Only 14 percent of US Catholics have a favorable opinion of Muslims

Drew Christiansen

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Ra'fat Al-Dajani

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Most Catholics do not personally know a Muslim; and U.S. Catholics are less likely than the average American to know one. Three in 10 American Catholics do know at least one Muslim person, whereas in the general U.S. population four in 10 do. That is one set of the disturbing facts uncovered in "Danger and Dialogue: American Catholic Public Opinion and Portrayals of Islam," a report issued Sept. 12 by the Bridge Initiative of Georgetown University's Center for Muslim-Christian Understanding.

Other troubling findings include the belief, held by 83 percent of Catholics, that dialogue is undertaken to convert Muslims to Christianity and the disclosure of high quotients for Islamophobia in the Catholic media and among best-selling Catholic authors.

The report confirms that face-to-face encounters are key to building positive attitudes between strangers. One-third of Catholics who know Muslims met them in the workplace. Almost a third claim them as friends, and 7 percent say they are family members. But overall only 14 percent of Catholics have a favorable attitude toward Muslims.

Veterans of interreligious dialogue comment that the secret to successful interreligious dialogue is spiritual friendship. While spiritual friendship has been especially prevalent in inter-monastic dialogue, it is also found in gatherings of Catholics and Muslims.

At Saint Paul's Church in Cambridge, a few blocks from Harvard Yard, a Catholic-Muslim prayer and support group called a Badaliya meets to pray, study and converse with one another. It is part of a renewal of a post-9/11 revival of the Badaliya movement founded by Louis Massignon and his disciple Mary Kahil in the 1930s.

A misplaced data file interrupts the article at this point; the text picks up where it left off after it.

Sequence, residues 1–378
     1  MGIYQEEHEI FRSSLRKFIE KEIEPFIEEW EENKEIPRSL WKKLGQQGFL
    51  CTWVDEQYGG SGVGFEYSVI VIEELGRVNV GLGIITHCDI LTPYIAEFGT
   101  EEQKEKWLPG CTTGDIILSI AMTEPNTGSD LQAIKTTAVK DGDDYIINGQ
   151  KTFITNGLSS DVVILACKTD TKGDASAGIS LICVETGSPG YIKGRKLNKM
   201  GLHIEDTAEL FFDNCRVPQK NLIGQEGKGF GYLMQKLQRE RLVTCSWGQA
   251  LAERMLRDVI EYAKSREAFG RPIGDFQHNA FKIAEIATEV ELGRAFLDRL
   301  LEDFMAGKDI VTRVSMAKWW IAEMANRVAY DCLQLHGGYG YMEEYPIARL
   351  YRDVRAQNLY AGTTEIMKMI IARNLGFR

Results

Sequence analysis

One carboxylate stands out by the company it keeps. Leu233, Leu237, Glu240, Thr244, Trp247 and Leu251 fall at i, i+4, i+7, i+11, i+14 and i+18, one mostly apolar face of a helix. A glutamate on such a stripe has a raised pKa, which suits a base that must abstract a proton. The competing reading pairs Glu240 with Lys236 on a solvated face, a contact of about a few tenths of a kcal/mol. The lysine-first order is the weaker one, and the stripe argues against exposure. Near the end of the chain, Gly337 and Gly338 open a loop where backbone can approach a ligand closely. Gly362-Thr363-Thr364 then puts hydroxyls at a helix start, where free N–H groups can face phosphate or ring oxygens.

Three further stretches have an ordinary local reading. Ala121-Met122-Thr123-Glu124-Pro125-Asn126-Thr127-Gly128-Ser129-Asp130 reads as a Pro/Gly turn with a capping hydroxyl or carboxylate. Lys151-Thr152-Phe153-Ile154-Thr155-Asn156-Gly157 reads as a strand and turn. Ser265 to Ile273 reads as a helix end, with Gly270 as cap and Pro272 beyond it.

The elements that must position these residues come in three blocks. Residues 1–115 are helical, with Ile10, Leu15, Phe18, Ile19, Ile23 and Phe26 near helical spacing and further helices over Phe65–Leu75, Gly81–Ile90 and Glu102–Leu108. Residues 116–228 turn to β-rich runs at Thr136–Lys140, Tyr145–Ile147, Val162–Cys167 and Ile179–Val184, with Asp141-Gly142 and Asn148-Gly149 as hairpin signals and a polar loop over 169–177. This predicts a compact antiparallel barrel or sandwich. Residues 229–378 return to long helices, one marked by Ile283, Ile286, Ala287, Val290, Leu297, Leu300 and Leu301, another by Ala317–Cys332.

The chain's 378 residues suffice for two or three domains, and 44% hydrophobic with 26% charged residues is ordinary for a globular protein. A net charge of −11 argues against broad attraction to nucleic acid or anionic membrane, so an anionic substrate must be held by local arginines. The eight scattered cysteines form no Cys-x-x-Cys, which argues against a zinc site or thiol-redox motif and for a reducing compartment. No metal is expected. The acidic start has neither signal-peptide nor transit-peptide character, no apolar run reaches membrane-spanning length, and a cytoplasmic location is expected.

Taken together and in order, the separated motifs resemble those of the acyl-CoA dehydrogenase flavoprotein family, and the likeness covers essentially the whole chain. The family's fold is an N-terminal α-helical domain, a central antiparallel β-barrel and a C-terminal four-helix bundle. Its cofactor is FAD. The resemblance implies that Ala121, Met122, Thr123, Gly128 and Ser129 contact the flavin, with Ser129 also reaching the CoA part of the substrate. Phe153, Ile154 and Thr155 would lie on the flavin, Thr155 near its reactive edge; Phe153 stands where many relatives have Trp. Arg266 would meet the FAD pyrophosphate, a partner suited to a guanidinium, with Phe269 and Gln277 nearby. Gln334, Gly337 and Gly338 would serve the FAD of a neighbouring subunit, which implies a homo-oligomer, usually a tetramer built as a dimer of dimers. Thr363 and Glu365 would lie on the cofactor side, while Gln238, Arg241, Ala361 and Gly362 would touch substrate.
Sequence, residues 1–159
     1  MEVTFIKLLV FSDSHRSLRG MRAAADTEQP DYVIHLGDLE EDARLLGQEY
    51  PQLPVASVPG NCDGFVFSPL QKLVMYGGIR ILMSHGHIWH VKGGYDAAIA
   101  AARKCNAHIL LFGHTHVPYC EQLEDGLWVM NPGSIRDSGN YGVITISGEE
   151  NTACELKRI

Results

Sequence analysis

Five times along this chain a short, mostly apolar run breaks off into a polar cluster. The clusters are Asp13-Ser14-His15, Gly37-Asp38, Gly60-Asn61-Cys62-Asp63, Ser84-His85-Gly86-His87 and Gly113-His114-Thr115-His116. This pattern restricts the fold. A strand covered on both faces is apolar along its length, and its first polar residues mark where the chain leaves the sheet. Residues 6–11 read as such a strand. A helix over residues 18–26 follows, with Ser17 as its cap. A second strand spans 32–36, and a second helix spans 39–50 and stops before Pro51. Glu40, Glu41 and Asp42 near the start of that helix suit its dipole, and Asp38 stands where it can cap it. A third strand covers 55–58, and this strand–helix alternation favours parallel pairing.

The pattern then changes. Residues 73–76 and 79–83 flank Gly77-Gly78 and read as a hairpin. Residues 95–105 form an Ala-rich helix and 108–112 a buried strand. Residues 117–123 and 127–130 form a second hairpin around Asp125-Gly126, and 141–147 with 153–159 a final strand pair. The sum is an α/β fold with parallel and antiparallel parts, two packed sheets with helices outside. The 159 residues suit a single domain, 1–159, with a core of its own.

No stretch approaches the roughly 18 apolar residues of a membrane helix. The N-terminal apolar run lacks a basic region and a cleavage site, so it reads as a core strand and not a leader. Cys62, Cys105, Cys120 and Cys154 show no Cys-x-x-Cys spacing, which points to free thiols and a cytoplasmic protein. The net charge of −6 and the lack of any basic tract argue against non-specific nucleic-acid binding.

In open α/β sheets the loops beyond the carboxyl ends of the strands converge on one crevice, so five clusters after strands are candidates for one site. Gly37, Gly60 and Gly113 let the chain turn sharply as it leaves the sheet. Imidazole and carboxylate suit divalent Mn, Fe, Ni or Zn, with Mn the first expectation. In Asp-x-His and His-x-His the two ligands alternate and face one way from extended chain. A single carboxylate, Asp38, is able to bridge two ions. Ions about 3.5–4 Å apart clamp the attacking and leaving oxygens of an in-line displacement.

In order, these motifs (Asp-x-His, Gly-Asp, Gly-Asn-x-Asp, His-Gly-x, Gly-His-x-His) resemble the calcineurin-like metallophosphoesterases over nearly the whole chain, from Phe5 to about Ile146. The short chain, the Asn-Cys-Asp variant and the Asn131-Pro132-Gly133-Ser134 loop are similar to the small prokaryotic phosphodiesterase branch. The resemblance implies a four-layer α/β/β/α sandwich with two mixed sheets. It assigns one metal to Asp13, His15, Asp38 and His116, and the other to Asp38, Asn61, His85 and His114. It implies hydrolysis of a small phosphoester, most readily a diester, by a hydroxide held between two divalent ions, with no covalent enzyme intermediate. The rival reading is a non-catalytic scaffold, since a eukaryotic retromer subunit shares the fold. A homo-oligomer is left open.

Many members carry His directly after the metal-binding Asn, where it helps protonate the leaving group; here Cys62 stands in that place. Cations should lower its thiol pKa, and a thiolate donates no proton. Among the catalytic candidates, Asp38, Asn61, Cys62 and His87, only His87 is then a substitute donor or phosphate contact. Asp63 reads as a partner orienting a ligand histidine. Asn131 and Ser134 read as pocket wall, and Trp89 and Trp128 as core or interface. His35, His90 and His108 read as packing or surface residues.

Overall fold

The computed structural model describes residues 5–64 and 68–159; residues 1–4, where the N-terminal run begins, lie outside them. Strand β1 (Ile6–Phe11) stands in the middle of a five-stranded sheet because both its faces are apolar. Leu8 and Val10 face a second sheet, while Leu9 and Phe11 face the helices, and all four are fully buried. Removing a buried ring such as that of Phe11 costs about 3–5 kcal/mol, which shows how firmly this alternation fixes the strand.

Another Catholic movement that has had enduring relations with American Muslims is Focolare. Its ties with the American Society of Muslims (formerly the Nation of Islam) and its leader Warith Deen Mohammed arose out of Focolare's charism to unity.

In 2000 Blessed Chiara Lubich, Focolare's founder, addressed a Washington meeting of about 5,000 Catholics and Muslims as part of the Great Jubilee. She told the crowd, "I read in the Bible [that] Jesus, peace be upon him, invited his followers to wash each other's feet, and I think that is what we are doing. We are washing one another's feet."


The words "dialogue" and "interfaith dialogue" rank high among the terms Catholics recognize in connection with Muslims, says the report. It is not surprising, therefore, to read that 47 percent of Catholics regard the purpose of interreligious dialogue "to learn about and grow closer to God."

Unfortunately, the Badaliya movement and Focolare are exceptions to the norm of Catholics' lack of familiarity with Muslims. The level and frequency of dialogue with Islam are far lower than they ought to be given the significance for the global common good of what Pope Francis calls "social peace" between Christians and Muslims. (Evangelii Gaudium, No. 250)

In the context of violent persecution of Christians, Muslims and others across the Middle East in 2014, the U.S. bishops' Committee on Ecumenical and Interfaith Affairs said, "Through building networks of dialogue [we] can overcome ignorance, extremism, and discrimination and so lead to friendship and trust with Muslims."